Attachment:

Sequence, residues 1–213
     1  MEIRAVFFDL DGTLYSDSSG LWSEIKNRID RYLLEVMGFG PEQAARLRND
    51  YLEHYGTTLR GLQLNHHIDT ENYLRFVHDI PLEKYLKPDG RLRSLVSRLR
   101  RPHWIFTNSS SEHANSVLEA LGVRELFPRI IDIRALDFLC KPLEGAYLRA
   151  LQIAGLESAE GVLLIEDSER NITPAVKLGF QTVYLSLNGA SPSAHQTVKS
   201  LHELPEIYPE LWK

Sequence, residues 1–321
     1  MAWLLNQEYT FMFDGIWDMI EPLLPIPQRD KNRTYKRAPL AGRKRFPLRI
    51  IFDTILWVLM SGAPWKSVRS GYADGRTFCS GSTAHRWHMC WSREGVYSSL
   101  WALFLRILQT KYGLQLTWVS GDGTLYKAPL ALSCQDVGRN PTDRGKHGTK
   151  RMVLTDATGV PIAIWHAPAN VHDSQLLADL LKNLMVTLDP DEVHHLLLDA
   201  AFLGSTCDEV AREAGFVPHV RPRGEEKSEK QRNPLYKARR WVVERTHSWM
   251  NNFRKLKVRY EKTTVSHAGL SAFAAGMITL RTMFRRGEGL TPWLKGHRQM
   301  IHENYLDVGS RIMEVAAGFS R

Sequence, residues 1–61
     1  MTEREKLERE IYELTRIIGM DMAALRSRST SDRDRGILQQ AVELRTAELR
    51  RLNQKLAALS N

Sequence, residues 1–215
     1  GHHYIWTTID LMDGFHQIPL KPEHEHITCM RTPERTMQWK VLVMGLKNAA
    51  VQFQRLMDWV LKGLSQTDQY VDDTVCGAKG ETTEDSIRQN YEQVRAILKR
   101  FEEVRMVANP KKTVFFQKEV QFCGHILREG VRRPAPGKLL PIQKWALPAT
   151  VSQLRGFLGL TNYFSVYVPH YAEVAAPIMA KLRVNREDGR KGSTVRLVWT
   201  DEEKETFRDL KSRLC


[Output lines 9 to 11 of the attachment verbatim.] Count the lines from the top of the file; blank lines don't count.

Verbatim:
    51  IFDTILWVLM SGAPWKSVRS GYADGRTFCS GSTAHRWHMC WSREGVYSSL
   101  WALFLRILQT KYGLQLTWVS GDGTLYKAPL ALSCQDVGRN PTDRGKHGTK
   151  RMVLTDATGV PIAIWHAPAN VHDSQLLADL LKNLMVTLDP DEVHHLLLDA